Marx and DeepSqueak co-creator Kevin Coffey, who both study addiction and psychology issues at University of Washington School of Medicine, have already made some interesting discoveries. Their initial efforts have focused on discerning calls of happiness or distress when working with mice in addiction experiments.
“The animals have a rich repertoire of calls, around 20 kinds,” said Coffey. “With drugs of abuse, you see both positive and negative calls.”
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The mice appear to be happiest when they are anticipating a reward such as sugar, Coffey noted, but they also make happy calls in certain social situations. The researchers also observed that male mice make the same calls over and over when they’ re around other males, but switch to more complex vocalizations when females are nearby.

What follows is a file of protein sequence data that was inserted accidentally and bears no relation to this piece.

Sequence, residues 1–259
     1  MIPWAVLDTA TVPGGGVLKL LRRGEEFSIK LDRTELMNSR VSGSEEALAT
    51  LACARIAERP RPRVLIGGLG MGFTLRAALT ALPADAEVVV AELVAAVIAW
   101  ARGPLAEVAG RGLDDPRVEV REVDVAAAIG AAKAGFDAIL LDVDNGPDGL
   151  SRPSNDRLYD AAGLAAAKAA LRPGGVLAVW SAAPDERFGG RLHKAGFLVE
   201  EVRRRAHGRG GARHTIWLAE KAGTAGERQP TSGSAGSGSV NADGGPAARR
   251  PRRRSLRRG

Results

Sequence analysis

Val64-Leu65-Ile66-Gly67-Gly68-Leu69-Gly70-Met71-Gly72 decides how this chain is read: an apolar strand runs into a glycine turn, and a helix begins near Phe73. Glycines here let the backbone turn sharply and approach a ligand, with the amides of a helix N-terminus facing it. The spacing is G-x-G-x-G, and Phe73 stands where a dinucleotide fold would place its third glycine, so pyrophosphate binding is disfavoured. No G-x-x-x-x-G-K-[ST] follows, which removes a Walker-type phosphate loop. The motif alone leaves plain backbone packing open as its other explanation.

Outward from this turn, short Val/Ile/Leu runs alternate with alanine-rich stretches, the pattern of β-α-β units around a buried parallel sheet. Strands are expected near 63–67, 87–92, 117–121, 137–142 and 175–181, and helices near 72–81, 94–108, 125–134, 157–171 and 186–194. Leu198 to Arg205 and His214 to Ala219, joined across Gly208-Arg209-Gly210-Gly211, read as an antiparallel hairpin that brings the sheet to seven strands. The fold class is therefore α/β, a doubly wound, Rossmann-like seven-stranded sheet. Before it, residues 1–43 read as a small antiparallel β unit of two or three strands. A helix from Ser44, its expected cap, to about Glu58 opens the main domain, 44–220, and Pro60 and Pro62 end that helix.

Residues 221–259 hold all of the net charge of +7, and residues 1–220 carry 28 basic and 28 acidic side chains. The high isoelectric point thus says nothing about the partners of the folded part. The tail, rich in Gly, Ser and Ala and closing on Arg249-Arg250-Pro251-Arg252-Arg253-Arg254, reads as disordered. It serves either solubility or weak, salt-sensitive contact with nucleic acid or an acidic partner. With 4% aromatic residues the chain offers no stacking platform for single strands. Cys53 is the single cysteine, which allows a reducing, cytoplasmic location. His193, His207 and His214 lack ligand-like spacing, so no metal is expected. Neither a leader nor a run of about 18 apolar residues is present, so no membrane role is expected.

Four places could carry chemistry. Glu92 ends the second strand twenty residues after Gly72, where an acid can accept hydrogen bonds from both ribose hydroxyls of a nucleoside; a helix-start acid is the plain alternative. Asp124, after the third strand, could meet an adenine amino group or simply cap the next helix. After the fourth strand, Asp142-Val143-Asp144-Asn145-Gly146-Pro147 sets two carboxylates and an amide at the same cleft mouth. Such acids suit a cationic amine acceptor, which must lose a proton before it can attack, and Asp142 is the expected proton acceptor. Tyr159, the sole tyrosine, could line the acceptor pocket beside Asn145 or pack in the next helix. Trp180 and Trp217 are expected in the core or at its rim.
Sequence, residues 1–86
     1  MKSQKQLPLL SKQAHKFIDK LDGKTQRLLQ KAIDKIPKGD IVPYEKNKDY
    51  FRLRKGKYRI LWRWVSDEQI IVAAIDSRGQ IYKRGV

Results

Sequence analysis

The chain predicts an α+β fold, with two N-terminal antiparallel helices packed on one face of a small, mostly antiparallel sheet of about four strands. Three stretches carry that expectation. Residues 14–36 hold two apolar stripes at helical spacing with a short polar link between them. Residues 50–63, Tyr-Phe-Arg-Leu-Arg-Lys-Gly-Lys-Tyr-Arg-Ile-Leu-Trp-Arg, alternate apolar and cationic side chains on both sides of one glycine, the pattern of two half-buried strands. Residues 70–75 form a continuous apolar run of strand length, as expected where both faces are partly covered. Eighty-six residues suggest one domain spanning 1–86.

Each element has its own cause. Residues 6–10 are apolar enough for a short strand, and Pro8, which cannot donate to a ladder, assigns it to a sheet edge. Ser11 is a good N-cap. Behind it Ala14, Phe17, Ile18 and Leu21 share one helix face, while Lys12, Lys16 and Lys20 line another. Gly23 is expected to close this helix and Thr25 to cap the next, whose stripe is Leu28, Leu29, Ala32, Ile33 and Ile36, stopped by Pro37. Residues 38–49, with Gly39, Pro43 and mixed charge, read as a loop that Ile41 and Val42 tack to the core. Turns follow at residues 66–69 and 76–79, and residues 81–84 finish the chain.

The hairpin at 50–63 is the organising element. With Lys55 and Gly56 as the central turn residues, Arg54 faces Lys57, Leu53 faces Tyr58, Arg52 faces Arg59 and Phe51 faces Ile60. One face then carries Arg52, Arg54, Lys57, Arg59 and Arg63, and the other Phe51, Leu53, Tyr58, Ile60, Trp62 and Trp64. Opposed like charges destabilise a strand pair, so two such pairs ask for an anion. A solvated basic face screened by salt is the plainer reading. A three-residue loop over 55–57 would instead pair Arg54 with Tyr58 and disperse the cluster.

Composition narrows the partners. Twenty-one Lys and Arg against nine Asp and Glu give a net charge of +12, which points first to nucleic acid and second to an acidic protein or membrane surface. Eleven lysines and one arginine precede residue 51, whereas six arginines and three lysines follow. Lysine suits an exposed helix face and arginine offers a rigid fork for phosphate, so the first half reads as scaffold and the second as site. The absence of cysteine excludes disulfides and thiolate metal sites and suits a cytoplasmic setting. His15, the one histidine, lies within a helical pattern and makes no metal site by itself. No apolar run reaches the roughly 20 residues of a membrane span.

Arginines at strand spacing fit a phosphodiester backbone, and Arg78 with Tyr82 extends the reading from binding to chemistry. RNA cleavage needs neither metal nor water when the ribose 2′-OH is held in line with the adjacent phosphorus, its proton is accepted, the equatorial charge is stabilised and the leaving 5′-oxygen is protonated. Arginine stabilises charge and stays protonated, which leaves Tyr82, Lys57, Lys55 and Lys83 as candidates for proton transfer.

There’ s probably an entire shelf full of future sociological research in that one observation, but for now the team’s goal is to use the new technology for advancing addiction research.
John Neumaier, professor of psychiatry and behavioral sciences at the UW School of Medicine and associate director of the Alcohol and Drug Abuse Institute, said that DeepSqueak should help his lab make better and faster progress in the field by making vocalization analysis convenient, efficient, and affordable.
“If scientists can understand better how drugs change brain activity to cause pleasure or unpleasant feelings,” he said, “we could devise better treatments for addiction.”